Climate action isn’t all being led by royalty-founded coalitions and travel titans. Tourism Declares began with just a Twitter account, shares Smith. And small companies such as Regenerative Travel, a collective of hotels committed to environmental and social impact, are examples of grassroots efforts to unite the industry. Regenerative Travel focuses on practical solutions, education, and tools to move the industry forward and empower travelers to make the right choices.
Regenerative Travel gathered the next generation of climate leaders at its Climate Retreat post-COP27, including Sophia Li, journalist, UN Human Rights Champion and “climate optimist,” with a mission to make climate change issues more accessible to all. “While the industry needs to focus on reduction, travelers also need to demand change by asking essential questions about the hotels they are booking and the operators that are providing experiences,” says Amanda Ho, the group’s co-founder.
The Era of Climate-Conscious Travel
Travelers often see firsthand what’s at stake in the climate crisis—and also what’s possible when we step out of our own lives. Shivya Nath, a travel writer and sustainable tourism consultant, created the social-impact consultancy Climate Conscious Travel after visiting Chile’s Queulat Glacier this spring and learning that Patagonia’s glaciers are receding at some of the fastest rates on the planet due to global warming.
When Nath was on a tour of the glacier, she realized it was a lost opportunity: Here was a captive audience getting a front-row seat to climate change and it wasn’t even mentioned. A large chunk of the glacier collapsed due to a heat wave months after she visited.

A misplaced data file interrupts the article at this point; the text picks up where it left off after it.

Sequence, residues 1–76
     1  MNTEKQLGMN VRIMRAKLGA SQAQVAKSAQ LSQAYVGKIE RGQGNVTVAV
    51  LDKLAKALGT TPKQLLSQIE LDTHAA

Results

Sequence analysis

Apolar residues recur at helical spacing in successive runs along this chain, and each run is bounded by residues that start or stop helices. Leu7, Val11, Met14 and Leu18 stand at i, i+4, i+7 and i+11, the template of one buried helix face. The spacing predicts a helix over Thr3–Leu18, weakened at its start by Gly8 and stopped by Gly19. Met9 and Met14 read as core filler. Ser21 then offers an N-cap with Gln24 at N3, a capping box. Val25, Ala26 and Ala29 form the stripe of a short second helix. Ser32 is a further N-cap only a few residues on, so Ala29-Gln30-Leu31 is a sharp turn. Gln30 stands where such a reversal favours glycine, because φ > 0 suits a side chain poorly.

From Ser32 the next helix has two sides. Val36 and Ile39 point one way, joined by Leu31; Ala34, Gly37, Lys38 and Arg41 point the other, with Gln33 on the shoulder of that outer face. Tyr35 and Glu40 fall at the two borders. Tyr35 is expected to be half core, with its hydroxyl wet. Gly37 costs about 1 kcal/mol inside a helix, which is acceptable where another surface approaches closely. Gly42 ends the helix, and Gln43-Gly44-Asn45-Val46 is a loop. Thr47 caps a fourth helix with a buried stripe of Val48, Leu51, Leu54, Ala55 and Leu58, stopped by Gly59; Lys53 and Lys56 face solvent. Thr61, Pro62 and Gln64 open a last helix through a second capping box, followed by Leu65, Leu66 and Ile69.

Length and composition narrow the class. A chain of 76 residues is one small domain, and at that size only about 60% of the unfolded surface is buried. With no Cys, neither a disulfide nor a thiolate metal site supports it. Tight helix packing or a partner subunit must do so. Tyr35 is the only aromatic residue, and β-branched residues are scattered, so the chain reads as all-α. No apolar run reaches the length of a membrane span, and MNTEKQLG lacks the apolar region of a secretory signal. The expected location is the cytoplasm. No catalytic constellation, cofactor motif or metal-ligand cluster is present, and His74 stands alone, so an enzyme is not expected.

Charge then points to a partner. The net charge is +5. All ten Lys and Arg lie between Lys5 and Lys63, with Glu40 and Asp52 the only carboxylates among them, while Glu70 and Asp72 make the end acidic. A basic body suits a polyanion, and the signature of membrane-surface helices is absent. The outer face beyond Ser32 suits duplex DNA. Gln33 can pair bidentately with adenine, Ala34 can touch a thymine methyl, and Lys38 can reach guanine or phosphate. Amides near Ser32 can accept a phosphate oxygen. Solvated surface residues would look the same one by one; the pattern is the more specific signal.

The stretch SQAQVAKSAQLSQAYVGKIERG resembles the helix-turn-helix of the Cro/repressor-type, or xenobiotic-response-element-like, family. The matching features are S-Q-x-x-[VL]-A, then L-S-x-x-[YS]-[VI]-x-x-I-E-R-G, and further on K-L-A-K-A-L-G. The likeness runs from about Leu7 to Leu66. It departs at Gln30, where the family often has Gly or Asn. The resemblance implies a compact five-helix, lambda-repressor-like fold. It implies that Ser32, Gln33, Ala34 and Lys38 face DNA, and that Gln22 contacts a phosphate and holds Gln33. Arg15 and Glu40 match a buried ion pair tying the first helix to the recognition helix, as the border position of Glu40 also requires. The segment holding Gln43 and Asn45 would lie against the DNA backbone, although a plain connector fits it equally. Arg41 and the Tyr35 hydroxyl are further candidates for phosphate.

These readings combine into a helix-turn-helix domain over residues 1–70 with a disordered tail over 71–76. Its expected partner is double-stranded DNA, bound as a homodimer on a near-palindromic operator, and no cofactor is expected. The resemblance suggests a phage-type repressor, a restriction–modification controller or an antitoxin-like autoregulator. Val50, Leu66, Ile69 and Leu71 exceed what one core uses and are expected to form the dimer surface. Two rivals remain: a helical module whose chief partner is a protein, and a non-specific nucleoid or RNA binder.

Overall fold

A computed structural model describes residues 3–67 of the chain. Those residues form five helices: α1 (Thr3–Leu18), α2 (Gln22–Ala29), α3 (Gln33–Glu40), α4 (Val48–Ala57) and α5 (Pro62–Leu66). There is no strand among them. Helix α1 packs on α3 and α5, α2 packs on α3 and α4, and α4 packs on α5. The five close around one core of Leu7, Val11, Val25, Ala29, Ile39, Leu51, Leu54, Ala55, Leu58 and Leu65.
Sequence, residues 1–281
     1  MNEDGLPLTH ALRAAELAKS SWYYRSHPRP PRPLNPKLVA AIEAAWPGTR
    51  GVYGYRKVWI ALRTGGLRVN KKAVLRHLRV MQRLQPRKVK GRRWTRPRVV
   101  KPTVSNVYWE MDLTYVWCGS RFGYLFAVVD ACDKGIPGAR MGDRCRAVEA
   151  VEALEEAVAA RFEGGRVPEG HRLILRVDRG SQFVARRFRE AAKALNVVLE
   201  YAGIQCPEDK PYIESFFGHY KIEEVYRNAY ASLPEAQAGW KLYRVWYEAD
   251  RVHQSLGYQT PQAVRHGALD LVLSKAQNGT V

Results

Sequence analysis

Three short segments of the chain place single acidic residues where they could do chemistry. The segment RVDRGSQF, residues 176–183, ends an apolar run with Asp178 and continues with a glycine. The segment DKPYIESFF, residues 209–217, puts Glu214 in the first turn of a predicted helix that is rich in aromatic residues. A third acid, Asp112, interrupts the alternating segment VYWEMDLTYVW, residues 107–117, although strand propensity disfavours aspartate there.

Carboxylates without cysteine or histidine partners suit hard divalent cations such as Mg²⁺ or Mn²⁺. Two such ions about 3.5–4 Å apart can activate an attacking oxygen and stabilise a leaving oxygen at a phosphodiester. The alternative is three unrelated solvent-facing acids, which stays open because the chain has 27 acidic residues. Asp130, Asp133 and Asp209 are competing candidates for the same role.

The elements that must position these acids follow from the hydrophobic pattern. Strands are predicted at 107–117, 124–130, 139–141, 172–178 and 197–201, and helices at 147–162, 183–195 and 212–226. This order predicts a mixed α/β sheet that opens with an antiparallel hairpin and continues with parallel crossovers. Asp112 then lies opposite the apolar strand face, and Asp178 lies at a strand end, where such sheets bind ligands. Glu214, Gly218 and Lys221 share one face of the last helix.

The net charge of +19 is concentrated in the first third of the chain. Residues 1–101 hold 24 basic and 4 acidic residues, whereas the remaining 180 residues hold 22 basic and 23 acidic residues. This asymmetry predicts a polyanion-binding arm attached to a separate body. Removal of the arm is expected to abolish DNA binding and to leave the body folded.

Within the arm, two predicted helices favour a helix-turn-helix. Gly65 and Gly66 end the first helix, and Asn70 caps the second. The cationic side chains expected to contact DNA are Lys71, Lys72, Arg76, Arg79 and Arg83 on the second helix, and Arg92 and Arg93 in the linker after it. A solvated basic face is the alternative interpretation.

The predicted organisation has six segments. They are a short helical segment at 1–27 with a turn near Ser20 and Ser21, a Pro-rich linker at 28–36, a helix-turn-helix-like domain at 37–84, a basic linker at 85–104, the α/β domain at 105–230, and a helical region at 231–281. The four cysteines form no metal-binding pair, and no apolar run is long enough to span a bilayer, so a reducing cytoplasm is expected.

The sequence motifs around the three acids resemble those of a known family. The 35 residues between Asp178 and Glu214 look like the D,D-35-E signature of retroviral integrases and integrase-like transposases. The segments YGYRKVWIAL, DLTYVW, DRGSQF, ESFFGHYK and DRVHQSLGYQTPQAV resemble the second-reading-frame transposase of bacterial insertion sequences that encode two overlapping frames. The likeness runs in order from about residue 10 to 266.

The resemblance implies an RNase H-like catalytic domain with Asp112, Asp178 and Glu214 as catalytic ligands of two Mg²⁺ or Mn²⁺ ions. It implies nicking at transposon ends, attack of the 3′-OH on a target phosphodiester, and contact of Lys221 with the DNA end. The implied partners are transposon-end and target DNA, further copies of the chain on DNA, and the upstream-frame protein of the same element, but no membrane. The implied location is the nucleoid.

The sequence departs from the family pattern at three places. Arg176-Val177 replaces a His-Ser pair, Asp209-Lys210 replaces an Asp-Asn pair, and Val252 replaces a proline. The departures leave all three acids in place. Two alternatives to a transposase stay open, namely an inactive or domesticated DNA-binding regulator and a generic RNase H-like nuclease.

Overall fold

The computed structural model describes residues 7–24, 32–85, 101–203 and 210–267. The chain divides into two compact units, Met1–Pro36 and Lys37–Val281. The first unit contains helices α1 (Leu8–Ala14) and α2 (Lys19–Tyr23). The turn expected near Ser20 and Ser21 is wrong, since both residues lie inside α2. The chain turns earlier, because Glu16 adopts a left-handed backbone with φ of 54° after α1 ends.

“Studies have shown that when people are exposed to [climate change impacts] they can personally relate to it and then they are more likely to take action,” says Nath, who advises travel companies (such as Vegan Travel Asia, which will have its first carbon-neutral trip in Cambodia in December) on how to create climate awareness and education in all the touch points on their trips.
Travel Companies Leading in Climate Action
Nath, who grew up at the base of the Indian Himalayas and is now based in Goa, advocates for community-based offsets (projects that benefit local communities) to combat tourism’s carbon problem. A great example is tour operator Global Himalayan Expedition (GHE), which has been bringing solar energy to remote villages in India on climate-positive trips since 2014. Their expeditions aren’t about scaling mountains like Everest, but are focused on providing clean energy access to isolated communities of the Himalayas. GHE won the UN’s 2020 Climate Action Award at COP26, the first tour operator to be recognized.
GHE’s impact is staggering: to date, they have solar powered more than 205 villages and also set up 34 of the world’s first carbon-neutral homestays in Ladakh. In 2022, they hosted 1,400 travelers and offset 102 tons of CO2 from these homestays, and employed more than 30,000 clean cookstoves in communities. For 2023, they are launching six Climate Action expeditions that will electrify six remote villages in the Himalayas while remaining carbon-negative in operations.
There are a host of other tour operators helping travelers make more climate-conscious decisions. The Wilderness Group, which aims to be net zero by the end of 2030, carbon labels all its trips, indicating the amount of kilograms of carbon attributed to each. Wilderness Scotland recently launched its first low-carbon offering, featuring electric-powered transport (cars and ebikes) and one of the lowest-carbon accommodations in Scotland, the Lovat.